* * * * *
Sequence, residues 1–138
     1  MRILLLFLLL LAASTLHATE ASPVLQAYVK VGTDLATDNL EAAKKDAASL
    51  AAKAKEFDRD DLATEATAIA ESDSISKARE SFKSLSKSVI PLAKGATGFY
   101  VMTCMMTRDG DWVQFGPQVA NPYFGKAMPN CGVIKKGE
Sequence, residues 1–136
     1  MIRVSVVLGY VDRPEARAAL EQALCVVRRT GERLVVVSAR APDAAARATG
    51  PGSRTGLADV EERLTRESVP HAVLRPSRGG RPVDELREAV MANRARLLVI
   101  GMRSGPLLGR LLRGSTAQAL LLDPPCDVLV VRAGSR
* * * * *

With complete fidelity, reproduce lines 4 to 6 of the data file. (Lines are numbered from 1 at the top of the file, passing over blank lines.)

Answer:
   101  VMTCMMTRDG DWVQFGPQVA NPYFGKAMPN CGVIKKGE
Sequence, residues 1–136
     1  MIRVSVVLGY VDRPEARAAL EQALCVVRRT GERLVVVSAR APDAAARATG